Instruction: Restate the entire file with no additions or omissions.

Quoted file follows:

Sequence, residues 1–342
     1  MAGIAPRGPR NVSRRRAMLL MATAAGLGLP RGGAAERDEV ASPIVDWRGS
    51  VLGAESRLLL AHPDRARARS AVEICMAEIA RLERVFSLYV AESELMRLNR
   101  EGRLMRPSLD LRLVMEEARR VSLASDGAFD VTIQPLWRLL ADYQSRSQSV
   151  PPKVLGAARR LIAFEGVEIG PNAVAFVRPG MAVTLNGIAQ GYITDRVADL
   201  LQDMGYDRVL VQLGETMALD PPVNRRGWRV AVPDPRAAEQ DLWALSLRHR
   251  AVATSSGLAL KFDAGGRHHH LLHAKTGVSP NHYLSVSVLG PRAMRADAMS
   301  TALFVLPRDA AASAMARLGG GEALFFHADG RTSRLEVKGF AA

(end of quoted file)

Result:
Sequence, residues 1–342
     1  MAGIAPRGPR NVSRRRAMLL MATAAGLGLP RGGAAERDEV ASPIVDWRGS
    51  VLGAESRLLL AHPDRARARS AVEICMAEIA RLERVFSLYV AESELMRLNR
   101  EGRLMRPSLD LRLVMEEARR VSLASDGAFD VTIQPLWRLL ADYQSRSQSV
   151  PPKVLGAARR LIAFEGVEIG PNAVAFVRPG MAVTLNGIAQ GYITDRVADL
   201  LQDMGYDRVL VQLGETMALD PPVNRRGWRV AVPDPRAAEQ DLWALSLRHR
   251  AVATSSGLAL KFDAGGRHHH LLHAKTGVSP NHYLSVSVLG PRAMRADAMS
   301  TALFVLPRDA AASAMARLGG GEALFFHADG RTSRLEVKGF AA